BNGP consists of a number of sites with a number of resources, and historically has used their own Grid software stack. If BNGP does not use standards for the most basic services, authentication, process/job management, inter-process communication, file and database access, and application description and deployment, then BNGP will remain an inward looking software stack, communicating only with itself or perhaps a small number of projects that use the same software stack.

Such isolation has three negative effects. First, BNGP will not be able to exploit “best of breed? implementations of the basic services developed outside of their software stack. For example, Microsoft is investing in Windows cluster management services with OGF standard interfaces. If the BNGP was using those standards, a Windows cluster at a partner institution could be included in the BNGP without having to spend the time and resources to develop a first rate implementation of your own middleware for Windows.

Second, software components developed by BNGP developers targeted at BNGP middleware may not be accessible to the widest possible community of potential users. Only users of BNGP’s software stack will be able to use the developed components. For example, consider a meta-scheduler. If the scheduler is developed using OGSA-BES and the HPC Basic Profile it could be used with a number of different systems, rather than just one.

The third effect is the interoperation between BNGPs around the world. Science is a global enterprise today, with partners and resources scattered around the globe. To realize the potential of the global infrastructure investment requires interoperation between BNGPs. However, one BNGP is unlikely to adopt the complete middleware stack of another BNGP. Interoperation can best be achieved via the use of standards.

Therefore, by embracing OGF standards the BNGP is much more likely to interoperate with other projects and products. This reduces the need (and resources) for software development and increases the uptake at non-BNGP institutions who can adopt the BNGP software without fear of “vendor lock-in?.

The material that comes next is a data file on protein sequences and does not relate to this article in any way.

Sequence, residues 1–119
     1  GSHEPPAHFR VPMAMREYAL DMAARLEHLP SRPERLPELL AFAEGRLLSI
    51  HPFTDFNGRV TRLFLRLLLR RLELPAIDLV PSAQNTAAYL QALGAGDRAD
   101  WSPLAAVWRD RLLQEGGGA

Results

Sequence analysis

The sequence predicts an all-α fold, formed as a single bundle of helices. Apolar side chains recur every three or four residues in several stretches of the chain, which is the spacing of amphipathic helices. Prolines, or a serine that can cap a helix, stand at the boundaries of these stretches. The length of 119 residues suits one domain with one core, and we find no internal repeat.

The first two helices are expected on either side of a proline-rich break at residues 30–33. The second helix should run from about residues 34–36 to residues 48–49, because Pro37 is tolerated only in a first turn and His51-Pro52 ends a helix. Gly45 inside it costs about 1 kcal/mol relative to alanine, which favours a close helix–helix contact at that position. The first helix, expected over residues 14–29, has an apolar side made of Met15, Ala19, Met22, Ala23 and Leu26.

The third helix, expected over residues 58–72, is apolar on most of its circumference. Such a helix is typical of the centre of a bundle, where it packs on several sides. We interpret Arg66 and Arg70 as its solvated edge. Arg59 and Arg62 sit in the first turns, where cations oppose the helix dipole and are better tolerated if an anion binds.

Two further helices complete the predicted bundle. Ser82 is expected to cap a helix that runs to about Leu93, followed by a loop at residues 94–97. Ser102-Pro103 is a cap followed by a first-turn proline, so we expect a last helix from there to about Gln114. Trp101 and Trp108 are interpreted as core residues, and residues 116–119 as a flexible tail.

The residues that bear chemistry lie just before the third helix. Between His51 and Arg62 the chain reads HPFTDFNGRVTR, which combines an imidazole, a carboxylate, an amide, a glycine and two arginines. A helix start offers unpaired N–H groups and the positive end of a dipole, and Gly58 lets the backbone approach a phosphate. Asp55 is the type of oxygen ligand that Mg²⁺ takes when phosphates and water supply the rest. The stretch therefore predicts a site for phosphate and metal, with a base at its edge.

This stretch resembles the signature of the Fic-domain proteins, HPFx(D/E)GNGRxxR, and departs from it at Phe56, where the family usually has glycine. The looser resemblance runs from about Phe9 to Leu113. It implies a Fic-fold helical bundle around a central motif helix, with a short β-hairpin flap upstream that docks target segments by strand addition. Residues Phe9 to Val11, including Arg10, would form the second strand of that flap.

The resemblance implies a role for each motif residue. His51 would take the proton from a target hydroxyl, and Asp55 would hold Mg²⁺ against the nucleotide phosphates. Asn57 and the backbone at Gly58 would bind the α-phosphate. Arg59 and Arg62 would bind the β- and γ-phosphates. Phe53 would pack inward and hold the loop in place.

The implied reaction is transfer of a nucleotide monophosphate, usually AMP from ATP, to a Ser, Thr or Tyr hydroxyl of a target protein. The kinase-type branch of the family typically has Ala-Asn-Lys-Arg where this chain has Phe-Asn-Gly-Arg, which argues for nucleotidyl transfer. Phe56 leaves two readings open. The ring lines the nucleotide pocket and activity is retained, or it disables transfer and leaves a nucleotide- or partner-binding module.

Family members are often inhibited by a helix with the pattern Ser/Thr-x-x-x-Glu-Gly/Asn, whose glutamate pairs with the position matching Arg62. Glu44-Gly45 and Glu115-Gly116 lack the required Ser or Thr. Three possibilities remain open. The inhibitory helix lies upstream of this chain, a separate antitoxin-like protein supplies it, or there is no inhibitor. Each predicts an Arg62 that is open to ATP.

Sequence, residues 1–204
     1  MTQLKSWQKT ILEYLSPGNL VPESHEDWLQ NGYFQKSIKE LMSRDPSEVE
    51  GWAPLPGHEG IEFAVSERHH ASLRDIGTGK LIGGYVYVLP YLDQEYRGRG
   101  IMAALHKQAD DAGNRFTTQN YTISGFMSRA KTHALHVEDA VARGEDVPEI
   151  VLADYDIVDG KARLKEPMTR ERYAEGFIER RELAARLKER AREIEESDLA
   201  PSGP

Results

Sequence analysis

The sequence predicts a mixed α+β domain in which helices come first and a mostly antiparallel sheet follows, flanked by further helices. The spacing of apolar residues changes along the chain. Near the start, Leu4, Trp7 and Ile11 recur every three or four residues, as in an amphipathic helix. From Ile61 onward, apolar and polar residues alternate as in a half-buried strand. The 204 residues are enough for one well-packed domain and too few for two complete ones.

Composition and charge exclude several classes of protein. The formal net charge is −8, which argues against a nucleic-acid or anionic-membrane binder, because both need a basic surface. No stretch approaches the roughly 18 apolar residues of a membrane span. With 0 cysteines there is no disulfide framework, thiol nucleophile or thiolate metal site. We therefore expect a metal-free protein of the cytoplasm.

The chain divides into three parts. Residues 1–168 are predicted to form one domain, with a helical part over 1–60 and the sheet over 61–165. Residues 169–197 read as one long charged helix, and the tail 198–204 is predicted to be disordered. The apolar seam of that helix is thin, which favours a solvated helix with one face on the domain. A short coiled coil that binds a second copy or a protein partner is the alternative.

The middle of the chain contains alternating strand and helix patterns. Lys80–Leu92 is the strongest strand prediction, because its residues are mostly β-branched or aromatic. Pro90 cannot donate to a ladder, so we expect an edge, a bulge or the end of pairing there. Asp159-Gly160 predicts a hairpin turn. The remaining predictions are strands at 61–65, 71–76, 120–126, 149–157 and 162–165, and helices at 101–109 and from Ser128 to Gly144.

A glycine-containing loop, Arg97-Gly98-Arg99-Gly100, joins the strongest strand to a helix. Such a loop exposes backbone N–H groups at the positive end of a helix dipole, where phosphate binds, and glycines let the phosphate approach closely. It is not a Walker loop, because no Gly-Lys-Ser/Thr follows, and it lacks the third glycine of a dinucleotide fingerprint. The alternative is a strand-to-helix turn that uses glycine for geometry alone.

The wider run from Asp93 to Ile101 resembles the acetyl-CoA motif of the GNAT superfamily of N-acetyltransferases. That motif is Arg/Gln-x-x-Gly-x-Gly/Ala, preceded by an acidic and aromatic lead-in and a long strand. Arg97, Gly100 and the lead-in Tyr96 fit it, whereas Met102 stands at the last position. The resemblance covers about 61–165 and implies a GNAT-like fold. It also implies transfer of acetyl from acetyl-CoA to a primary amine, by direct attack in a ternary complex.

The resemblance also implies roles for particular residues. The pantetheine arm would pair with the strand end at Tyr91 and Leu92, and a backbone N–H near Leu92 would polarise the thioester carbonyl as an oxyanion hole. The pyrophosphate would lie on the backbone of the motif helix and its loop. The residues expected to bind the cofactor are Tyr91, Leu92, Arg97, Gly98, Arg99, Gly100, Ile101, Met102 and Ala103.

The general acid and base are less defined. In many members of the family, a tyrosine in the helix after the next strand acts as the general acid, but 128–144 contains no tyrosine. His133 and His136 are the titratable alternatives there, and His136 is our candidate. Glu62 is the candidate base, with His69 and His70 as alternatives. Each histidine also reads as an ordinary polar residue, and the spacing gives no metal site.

Next let’s consider a middleware developer such as an academic research group or a commercial software vendor. As a consumer of standard services you don’t have to implement an entire grid stack in order to provide value, you can focus on your value add and expertise. Similarly, as a provider of standard services, you can “sell? into an existing market of consumers of the standard service. Of course you have to compete with other implementations, perhaps by offering better performance, higher availability, or lower cost. Finally, standards have the potential to increase the size of the market by both reducing the risk of adoption to applications developers and by increasing the number of applications available.

Finally let’s consider the perspective of an applications developer. One of the most frustrating aspects of existing grid software is that after expending a great deal of effort to develop an application on one grid software stack – a complete re-write is often needed to work on another. By using standard services you need write only one implementation rather than one for each stack. Standards also act as a risk reduction mechanism, with the success of your application not being tied to the longevity and success of a particular grid software stack.